I ran across this expression recently in some Popeye cartoon [EDIT: it was Never Sock a Baby, 1939], but it seems to have been a recognized slang expression with maybe even a bit of old-timey flavor before then.

"Enoch," said Mr. Stratford, with a smile, "you said too much that time."

"Perhaps I did," said the old farmer, "but slips don't count." —The Hundredth Man (Frank Stockton, 1886)

Another example:

Watch my smoke when I get into these Hood Shoes. They don't cramp a fellow's style when he's in action. Let the lads on the other team cry "Slips don't count!" Slips don't count against our score for our fellows all wear Hood Shoes. —Hood Shoes advertisement, 1923

What does the phrase mean, and where/when did it arise?


1 Answer 1


Some Google Books results strongly imply that the phrase originates from the children's game of marbles.

[We] played a lot of marbles at Rusk Elementary in Palestine in the Thirties. The games I best remember are Cat Eye, Four Square, and Bullring — "Knucks down!" and "Slips don't count!" —Texas Toys and Games, chapter "Marbles"


You all know the saying youngsters use in marble games — "Slips don't count!" In this case slips did count. —The Fraternal Monitor, 1952–1953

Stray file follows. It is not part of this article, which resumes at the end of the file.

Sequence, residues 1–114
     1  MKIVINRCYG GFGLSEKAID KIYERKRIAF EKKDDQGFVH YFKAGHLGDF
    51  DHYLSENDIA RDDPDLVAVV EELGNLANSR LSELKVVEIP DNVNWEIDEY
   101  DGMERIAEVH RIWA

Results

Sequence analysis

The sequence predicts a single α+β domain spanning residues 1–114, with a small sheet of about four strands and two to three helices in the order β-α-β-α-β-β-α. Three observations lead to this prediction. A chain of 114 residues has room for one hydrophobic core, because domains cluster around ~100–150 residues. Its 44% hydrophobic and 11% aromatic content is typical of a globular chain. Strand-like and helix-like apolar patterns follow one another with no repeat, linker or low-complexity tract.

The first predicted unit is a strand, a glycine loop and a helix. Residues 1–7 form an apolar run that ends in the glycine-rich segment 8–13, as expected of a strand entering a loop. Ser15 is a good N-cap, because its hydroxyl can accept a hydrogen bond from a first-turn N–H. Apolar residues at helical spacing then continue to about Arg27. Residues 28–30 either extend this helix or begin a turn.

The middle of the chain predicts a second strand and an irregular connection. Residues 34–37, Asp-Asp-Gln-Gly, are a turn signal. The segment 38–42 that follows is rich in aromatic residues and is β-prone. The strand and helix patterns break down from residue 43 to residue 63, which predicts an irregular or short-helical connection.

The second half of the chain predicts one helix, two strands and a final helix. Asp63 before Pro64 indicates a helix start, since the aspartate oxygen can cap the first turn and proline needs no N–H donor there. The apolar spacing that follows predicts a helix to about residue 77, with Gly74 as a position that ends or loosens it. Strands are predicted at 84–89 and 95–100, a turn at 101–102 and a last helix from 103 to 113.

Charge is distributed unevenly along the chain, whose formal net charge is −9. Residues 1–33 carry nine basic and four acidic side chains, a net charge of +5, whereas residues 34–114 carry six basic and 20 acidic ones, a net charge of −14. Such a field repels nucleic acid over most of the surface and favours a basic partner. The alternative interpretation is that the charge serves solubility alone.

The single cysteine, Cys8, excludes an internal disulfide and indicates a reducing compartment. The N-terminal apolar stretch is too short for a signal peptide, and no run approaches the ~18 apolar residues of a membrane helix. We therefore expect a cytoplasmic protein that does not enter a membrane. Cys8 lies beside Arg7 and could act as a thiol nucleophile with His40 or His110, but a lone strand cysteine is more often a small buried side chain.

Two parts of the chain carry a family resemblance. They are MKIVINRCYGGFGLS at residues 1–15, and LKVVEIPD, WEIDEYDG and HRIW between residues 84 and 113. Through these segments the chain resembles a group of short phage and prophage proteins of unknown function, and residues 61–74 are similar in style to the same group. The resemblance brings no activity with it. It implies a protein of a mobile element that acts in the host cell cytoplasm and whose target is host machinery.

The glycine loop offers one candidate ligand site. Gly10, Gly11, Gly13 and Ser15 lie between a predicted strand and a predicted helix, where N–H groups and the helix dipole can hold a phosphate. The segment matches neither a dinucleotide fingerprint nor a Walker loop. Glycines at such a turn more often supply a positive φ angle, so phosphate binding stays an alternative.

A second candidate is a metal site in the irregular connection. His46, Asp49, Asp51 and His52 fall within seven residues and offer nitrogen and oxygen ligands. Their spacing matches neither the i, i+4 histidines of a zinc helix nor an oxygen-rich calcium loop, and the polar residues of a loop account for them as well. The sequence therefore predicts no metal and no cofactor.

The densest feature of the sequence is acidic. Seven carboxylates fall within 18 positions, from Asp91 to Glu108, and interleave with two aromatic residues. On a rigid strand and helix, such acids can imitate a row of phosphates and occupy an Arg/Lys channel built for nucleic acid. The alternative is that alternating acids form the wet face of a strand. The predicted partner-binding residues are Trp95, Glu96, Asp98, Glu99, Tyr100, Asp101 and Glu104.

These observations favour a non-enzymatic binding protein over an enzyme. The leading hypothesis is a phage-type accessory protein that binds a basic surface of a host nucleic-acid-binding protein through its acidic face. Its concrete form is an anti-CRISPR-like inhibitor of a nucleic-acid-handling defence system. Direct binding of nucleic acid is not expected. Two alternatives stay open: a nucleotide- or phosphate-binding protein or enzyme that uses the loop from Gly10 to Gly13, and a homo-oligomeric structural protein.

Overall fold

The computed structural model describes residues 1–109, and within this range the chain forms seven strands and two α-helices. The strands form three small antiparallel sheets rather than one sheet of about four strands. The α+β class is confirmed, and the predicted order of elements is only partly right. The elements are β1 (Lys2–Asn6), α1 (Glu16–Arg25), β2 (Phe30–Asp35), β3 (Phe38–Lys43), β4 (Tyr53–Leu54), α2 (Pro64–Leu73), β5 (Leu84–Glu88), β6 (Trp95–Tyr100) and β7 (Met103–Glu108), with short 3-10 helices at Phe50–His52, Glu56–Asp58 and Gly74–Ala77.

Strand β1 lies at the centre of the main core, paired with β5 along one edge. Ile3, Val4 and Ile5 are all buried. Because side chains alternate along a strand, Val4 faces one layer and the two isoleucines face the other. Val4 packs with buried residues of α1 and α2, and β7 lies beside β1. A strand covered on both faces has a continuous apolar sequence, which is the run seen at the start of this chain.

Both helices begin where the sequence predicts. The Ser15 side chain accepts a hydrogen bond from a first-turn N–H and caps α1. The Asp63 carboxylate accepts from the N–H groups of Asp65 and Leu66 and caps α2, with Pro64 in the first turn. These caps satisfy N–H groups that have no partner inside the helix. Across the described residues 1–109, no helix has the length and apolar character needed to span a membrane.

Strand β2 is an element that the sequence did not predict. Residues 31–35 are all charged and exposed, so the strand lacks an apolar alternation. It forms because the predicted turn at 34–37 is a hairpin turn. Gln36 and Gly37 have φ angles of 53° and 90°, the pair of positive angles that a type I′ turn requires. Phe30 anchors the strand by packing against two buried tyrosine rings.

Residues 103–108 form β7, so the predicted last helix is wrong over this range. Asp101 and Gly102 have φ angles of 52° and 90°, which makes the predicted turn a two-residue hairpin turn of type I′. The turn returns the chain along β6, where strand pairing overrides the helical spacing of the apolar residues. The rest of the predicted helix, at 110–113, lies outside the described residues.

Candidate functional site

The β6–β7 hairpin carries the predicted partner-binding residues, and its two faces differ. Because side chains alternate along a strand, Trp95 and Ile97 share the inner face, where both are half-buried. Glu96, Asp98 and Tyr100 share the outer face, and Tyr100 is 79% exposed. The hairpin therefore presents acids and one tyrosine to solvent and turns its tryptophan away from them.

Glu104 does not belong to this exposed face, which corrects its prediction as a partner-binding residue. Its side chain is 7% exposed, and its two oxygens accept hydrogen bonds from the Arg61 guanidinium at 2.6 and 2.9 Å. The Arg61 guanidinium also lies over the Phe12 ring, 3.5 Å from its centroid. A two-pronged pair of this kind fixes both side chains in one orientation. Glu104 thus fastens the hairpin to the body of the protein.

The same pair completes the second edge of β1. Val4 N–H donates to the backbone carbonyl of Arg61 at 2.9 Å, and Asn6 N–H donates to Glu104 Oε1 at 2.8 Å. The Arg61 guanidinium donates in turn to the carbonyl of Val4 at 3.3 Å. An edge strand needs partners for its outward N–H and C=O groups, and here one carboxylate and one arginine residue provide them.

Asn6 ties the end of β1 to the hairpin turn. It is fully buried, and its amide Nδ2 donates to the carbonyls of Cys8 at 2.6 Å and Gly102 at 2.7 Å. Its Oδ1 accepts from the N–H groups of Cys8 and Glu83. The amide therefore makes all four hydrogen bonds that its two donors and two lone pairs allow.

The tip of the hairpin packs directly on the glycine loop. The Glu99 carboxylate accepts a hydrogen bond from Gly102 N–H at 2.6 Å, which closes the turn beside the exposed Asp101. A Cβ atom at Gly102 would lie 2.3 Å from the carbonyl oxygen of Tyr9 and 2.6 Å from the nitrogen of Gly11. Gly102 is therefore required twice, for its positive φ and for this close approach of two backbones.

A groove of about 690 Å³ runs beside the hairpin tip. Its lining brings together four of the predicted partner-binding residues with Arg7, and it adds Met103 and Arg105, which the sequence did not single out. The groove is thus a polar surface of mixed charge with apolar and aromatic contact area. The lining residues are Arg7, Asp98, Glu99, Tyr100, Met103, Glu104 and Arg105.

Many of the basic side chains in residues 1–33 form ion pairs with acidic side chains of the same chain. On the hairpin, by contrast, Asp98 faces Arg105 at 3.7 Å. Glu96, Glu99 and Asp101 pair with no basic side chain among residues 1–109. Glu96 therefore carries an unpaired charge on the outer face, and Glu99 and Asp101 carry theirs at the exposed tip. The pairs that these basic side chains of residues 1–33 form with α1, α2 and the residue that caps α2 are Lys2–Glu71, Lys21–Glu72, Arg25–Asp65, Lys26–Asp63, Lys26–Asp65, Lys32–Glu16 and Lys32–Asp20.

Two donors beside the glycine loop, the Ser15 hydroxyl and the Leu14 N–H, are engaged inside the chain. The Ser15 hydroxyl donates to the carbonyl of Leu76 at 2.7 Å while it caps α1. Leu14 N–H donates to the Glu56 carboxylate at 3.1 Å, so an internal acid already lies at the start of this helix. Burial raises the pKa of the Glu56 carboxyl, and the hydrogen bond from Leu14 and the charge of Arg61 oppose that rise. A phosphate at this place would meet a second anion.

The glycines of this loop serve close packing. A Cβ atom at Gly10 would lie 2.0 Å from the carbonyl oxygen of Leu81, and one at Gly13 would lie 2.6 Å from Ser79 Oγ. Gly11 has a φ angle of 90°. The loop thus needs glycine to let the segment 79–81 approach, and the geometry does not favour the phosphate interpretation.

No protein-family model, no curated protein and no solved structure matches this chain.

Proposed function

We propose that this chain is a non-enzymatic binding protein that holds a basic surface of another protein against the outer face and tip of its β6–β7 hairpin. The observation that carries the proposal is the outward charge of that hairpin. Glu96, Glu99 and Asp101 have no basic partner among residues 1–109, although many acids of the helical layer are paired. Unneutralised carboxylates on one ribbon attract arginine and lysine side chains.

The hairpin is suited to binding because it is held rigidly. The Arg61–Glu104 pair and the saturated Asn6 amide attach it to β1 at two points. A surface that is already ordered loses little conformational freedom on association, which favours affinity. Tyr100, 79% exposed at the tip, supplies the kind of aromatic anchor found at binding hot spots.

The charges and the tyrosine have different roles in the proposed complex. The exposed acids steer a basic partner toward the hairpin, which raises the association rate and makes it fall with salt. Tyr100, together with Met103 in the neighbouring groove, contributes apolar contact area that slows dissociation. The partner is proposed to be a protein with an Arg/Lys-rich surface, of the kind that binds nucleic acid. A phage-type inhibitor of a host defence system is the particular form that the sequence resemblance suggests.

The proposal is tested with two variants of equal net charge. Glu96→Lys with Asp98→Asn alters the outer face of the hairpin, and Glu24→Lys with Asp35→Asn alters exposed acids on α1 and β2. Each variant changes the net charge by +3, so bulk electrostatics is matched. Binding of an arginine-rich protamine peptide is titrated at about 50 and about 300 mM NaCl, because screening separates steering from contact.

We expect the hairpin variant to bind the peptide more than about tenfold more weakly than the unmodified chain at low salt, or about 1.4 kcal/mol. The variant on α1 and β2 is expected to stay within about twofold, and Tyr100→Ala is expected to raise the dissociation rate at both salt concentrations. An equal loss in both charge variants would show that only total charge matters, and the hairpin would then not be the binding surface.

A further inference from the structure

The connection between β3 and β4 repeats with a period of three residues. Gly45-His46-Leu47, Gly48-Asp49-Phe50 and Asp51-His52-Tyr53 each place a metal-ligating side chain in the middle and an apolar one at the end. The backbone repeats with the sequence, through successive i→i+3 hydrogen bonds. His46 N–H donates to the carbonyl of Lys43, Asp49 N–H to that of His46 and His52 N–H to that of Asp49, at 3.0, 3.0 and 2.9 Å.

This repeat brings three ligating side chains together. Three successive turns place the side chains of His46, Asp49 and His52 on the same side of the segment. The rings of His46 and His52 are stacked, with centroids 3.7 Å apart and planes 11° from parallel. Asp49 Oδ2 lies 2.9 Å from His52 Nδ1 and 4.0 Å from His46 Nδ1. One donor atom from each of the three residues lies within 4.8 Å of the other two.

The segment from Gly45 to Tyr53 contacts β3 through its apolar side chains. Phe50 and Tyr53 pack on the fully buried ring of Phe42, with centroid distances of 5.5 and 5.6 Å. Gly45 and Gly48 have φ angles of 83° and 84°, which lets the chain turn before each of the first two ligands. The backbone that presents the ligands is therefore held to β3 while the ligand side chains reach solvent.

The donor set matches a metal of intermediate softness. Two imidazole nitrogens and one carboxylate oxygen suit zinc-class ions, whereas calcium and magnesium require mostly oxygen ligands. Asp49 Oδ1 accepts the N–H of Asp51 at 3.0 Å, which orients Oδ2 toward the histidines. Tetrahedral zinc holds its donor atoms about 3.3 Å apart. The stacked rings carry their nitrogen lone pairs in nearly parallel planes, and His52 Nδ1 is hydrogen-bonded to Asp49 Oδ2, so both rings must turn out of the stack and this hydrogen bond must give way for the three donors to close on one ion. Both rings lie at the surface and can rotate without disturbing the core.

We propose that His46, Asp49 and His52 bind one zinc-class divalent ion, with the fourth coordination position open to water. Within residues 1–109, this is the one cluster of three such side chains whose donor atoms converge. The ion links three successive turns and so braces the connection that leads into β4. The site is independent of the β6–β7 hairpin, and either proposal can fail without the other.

I suppose the original meaning would have been something like "Come on, my thumb slipped! I should be able to re-do that shot." That is, a version of the mulligan rule. Similar house rules about "slips" might be seen today in billiards or golf.

The two examples in the question seem to be from long after the phrase became a stock phrase, because they're both punning on slightly different meanings of the word "slip" (a slip of the foot, a slip of the tongue) and don't seem to have anything to do with do-overs; they're just punning on the form of the phrase.

As for year-of-origin, I have no idea.

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